Difference between revisions of "Milton Keynes"
Revision as of 20:06, 24 July 2007
Milton Keynes is conveniently located on both the M1 motorway and the West Coast Main Line, and as a result there are a large number of ways to both enter and leave the town.
The M1 motorway connects London with Birmingham, before continuing north to Liverpool and Manchester. Milton Keynes is approximately half-way between London and Birmingham. There are also links east and west on the A40 to Bedford, Cambridge and Oxford.
Coach services to many cities (including Oxford and Cambridge) can be taken from either the train station, town centre or the Coachway, which is located near the motorway junction.
Rail connections are maintained by Virgin and Silverlink, and frequent trains connect to London, Birmingham, Liverpool, Manchester and further north.
Public transport within Milton Keynes has never been great - it is a city where the car is king. The buses are small, irregular and have circuitous routes. As the city is so easily navigated by car, there hasn't been much call for buses. As most buses pass by both the central train station and the main shopping centre getting between them is easy.
The dominance of the car is greatly helped by the road layout - the main roads of the city are laid out in a grid system with roundabouts at the intersections, so getting about is quick, although predictably less so in rush hour. Visitors who drive to Milton Keynes often get lost on these roads, because they all look the same - the main roads are in tree-lined linear valleys to reduce road noise so there are few landmarks visible to navigate by. A map is recommended for people new to the town.
Pedestrians and cyclists have their own network of 'redways' - paths made of red tarmac that broadly follow the grid roads but never meet them, either crossing over or underneath. The redways are a good way to get about during the day, but at night some of the underpasses can be dangerous places. You will generally be okay in more populated areas, and most are well lit. As with any place you are unfamiliar with, caution is advised.
A must is the concrete cows (just off the H3, in Bancroft) for which Milton Keynes is famous/notorious. Another feature is the giant Xscape dome, home to a sixteen screen cinema and the largest indoor ski slope in the United Kingdom.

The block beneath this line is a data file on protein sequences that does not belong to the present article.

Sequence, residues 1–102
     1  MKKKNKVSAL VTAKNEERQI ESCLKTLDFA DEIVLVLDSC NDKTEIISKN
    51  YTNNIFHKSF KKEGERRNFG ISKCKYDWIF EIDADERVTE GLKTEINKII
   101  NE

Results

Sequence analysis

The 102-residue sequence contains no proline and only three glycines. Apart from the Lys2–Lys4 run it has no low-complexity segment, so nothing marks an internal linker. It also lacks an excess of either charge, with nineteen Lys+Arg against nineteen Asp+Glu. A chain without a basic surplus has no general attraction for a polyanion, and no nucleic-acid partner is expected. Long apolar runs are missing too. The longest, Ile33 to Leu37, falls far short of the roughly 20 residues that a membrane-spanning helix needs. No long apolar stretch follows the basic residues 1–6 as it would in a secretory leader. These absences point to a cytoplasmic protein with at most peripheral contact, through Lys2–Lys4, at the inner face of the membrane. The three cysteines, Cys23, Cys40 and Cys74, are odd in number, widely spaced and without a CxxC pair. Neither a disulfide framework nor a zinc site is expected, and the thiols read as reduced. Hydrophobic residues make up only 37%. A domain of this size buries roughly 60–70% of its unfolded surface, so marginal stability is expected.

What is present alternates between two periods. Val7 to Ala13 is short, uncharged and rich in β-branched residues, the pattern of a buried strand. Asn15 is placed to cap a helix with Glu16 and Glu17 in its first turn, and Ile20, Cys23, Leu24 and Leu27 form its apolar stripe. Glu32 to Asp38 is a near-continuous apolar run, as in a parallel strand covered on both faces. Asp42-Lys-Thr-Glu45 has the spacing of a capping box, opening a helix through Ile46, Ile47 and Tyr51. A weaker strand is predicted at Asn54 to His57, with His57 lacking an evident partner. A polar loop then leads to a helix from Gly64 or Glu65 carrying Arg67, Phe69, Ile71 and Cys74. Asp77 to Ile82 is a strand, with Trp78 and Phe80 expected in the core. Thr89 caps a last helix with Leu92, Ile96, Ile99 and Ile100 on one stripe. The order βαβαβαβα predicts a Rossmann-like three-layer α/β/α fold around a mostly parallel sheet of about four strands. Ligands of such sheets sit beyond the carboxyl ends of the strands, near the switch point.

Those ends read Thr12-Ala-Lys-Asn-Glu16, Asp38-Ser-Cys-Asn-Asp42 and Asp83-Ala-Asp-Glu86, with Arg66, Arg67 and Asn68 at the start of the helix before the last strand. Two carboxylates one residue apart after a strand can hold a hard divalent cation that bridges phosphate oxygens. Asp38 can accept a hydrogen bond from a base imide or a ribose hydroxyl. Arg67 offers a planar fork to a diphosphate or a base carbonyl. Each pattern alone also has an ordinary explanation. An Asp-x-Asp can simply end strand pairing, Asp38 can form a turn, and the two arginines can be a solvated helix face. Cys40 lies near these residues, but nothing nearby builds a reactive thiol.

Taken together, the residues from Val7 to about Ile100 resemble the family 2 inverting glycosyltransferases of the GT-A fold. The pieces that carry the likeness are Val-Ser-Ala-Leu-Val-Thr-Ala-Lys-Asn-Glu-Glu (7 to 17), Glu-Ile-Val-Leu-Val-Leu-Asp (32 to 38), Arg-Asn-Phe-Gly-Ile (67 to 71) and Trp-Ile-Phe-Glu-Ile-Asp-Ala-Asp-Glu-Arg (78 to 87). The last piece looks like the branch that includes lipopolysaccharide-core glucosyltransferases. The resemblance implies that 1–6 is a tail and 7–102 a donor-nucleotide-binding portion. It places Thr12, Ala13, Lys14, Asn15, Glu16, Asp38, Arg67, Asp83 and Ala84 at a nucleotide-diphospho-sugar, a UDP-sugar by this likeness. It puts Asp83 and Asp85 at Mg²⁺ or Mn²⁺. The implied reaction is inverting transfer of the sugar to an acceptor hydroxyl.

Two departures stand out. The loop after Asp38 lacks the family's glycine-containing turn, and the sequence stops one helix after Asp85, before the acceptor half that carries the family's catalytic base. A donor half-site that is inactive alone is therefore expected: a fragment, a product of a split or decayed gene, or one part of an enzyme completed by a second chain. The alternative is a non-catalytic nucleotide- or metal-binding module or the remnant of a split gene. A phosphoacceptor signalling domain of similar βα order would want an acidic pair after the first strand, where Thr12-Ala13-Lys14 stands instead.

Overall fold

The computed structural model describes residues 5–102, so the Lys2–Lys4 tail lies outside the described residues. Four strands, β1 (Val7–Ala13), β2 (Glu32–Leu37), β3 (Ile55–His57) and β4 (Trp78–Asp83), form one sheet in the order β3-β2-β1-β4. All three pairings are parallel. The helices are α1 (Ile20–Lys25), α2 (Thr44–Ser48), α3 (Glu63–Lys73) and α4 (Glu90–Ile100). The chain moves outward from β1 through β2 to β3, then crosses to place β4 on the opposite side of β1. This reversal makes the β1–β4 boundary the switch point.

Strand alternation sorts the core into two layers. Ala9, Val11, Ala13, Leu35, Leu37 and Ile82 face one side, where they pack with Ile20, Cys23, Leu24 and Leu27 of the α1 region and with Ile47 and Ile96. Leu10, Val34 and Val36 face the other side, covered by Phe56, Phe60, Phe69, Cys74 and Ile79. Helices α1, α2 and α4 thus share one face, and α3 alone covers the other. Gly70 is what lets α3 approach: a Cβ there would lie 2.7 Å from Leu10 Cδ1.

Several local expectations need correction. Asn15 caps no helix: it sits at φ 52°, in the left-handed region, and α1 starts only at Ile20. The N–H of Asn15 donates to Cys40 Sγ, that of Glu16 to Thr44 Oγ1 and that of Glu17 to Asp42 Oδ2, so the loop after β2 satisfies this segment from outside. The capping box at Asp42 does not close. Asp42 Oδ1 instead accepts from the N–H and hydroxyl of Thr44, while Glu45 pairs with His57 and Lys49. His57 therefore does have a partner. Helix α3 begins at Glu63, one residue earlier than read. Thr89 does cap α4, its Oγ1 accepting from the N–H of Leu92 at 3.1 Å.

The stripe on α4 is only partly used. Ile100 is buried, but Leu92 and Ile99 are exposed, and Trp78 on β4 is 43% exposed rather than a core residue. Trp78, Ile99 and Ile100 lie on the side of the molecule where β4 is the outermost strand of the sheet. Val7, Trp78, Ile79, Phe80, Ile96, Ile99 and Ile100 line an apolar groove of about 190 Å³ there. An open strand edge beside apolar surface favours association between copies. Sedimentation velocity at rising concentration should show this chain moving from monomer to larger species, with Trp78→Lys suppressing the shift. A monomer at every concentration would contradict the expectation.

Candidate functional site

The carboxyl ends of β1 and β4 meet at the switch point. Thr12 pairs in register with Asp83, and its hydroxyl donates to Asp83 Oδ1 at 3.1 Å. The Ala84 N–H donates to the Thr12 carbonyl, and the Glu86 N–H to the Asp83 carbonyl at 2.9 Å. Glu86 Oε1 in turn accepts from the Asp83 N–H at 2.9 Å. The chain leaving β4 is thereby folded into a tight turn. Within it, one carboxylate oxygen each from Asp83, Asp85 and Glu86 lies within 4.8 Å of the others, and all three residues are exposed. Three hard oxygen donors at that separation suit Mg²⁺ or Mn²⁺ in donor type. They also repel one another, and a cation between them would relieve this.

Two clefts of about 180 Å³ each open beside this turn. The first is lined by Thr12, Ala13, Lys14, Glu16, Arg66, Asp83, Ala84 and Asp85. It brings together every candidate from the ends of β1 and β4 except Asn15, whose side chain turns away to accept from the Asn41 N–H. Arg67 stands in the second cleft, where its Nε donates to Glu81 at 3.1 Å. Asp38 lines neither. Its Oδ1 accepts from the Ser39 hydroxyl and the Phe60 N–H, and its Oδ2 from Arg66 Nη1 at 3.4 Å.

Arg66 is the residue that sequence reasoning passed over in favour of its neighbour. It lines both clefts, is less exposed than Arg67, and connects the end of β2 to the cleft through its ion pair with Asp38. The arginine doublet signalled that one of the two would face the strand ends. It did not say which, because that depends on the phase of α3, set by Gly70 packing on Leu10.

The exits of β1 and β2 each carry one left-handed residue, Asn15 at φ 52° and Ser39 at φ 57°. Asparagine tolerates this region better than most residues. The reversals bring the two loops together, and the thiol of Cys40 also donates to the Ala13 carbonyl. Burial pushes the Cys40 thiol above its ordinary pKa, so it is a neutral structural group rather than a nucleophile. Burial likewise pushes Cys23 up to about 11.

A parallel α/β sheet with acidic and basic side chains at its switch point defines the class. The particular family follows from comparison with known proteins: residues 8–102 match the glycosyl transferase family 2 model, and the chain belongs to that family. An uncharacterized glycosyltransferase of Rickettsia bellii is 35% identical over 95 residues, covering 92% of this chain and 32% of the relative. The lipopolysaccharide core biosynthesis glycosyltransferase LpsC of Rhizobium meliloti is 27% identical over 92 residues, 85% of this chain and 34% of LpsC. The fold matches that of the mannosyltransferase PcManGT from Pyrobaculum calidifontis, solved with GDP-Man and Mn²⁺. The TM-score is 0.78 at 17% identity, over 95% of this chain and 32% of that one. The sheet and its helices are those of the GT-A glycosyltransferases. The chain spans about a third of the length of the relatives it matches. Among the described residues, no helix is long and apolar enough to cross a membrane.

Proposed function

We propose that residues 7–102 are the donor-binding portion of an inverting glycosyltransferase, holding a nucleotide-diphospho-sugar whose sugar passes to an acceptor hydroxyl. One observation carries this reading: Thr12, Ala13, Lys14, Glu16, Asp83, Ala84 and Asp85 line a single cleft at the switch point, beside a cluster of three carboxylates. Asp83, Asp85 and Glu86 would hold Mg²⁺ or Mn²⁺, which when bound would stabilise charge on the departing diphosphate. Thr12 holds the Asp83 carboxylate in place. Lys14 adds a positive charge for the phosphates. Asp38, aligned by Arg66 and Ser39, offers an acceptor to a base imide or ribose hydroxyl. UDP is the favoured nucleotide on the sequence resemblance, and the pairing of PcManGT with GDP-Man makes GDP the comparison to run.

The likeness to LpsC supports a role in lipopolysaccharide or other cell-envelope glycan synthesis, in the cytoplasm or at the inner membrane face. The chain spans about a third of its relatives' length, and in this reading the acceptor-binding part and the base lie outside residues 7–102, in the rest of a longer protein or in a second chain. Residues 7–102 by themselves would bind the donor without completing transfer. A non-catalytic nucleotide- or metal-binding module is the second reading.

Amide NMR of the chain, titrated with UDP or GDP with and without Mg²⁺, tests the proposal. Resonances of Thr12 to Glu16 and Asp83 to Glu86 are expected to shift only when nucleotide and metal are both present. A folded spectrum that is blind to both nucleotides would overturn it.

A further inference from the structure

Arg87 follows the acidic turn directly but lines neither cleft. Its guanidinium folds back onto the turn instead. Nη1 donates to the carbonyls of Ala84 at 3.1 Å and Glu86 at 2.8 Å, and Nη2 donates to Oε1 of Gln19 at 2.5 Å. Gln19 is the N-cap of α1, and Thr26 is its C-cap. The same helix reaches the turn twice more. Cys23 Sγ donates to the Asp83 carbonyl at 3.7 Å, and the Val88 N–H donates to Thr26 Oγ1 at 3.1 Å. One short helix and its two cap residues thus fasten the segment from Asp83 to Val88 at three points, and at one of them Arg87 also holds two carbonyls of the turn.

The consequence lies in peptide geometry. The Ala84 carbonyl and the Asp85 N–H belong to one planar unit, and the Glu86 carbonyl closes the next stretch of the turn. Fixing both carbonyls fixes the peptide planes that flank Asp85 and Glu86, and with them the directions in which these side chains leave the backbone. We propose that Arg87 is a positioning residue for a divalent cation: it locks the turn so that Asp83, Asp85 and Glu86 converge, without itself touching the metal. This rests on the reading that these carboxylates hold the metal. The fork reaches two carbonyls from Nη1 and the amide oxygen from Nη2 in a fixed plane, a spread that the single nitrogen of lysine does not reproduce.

Milton Keynes has a number of attractions for the adventurous. Willen Lake has a wakeboard tow rope system, the Xscape has an indoor snow slope, a climbing wall and an indoor skydiving tower, the central bus station has a skate park and there's a BMX track at Pineham.
Families with younger children might like to head for the Gulliver's Land theme park, or take a stroll and have a picnic at the nearby Willen Lake.
The MK Dons play home games at the National Hockey Stadium, though a new stadium is being created in the south of the city.
Reflecting the local value of the car culture, a growing car cruise and meet is staged in the car parks around the Hockey Stadium on Sunday nights, and it is popular both with modders and the police.
The Milton Keynes Theatre is billed as the country's "most popular" - it has the most people attending for any theatre in the country. Travelling shows and longer running productions are staged here, often large productions will come here as a final dry run before they take their shows to London's West End.
The Centre: MK is the main shopping mall for the surrounding area and is where most of the shopping in Milton Keynes is to be had, and features branches of many high street chains. The High Street in Stony Stratford offers a pleasant but small alternative. Most residential areas have their own convenience store.
There are various retail parks with the larger DIY, carpet, furniture and warehouse-style clothes shops.
The city centre is home to many chain restaurants, especially within the Xscape complex. If you want something a bit different then you'll find smaller independent restaurants in outlying areas such as Stony Stratford, Wolverton, and Fenny Stratford. There is also decent pub food (and somewhat better beer) at The Plough in Simpson, and Ye Olde Swan in Woughton on the Green.
On a summer evening a trip to the theatre district / Xscape almost transports you to a Spanish holiday resort, such are the number of bars and clubs with people walking between them. Not much for a CAMRA member here though, as its more for the bottle of Bud or Smirnoff Ice crowd..
More traditional pubs can be found along the Stony Stratford high street, though this area is popular for pub crawls at weekends.
A youth hostel can be found in the district of Bradwell. The house itself dates from the seventeenth century (an oddity in Milton Keynes) and is in very pleasant surroundings. There are rooms and dormatories available. A bed in a dormatory normally costs around £13 a night. The house and facilities are kept nice and clean and secure lockers are available at no additional cost to store valuables.
The night life The nightlife (pubs and clubs) in Milton Keynes are focussed around the theatre district and snow dome areas.